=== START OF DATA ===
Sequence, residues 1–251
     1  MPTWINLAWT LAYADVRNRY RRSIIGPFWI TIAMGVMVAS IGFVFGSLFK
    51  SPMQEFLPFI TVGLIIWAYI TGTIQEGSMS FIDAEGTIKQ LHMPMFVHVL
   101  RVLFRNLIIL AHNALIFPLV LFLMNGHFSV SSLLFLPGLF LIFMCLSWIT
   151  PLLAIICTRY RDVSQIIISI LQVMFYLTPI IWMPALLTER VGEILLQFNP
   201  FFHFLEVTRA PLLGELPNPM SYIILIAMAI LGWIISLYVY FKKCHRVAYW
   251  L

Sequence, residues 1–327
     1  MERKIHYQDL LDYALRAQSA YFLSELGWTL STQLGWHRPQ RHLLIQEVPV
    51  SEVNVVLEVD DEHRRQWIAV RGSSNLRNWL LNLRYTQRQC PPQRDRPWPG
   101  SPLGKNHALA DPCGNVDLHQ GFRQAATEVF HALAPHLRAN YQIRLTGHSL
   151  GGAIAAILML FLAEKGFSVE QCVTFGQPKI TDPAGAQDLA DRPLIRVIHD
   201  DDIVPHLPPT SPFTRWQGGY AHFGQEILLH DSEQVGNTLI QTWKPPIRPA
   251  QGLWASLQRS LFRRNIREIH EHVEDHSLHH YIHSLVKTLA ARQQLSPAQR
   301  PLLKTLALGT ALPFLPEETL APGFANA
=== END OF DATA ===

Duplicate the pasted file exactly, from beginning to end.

Sequence, residues 1–251
     1  MPTWINLAWT LAYADVRNRY RRSIIGPFWI TIAMGVMVAS IGFVFGSLFK
    51  SPMQEFLPFI TVGLIIWAYI TGTIQEGSMS FIDAEGTIKQ LHMPMFVHVL
   101  RVLFRNLIIL AHNALIFPLV LFLMNGHFSV SSLLFLPGLF LIFMCLSWIT
   151  PLLAIICTRY RDVSQIIISI LQVMFYLTPI IWMPALLTER VGEILLQFNP
   201  FFHFLEVTRA PLLGELPNPM SYIILIAMAI LGWIISLYVY FKKCHRVAYW
   251  L

Sequence, residues 1–327
     1  MERKIHYQDL LDYALRAQSA YFLSELGWTL STQLGWHRPQ RHLLIQEVPV
    51  SEVNVVLEVD DEHRRQWIAV RGSSNLRNWL LNLRYTQRQC PPQRDRPWPG
   101  SPLGKNHALA DPCGNVDLHQ GFRQAATEVF HALAPHLRAN YQIRLTGHSL
   151  GGAIAAILML FLAEKGFSVE QCVTFGQPKI TDPAGAQDLA DRPLIRVIHD
   201  DDIVPHLPPT SPFTRWQGGY AHFGQEILLH DSEQVGNTLI QTWKPPIRPA
   251  QGLWASLQRS LFRRNIREIH EHVEDHSLHH YIHSLVKTLA ARQQLSPAQR
   301  PLLKTLALGT ALPFLPEETL APGFANA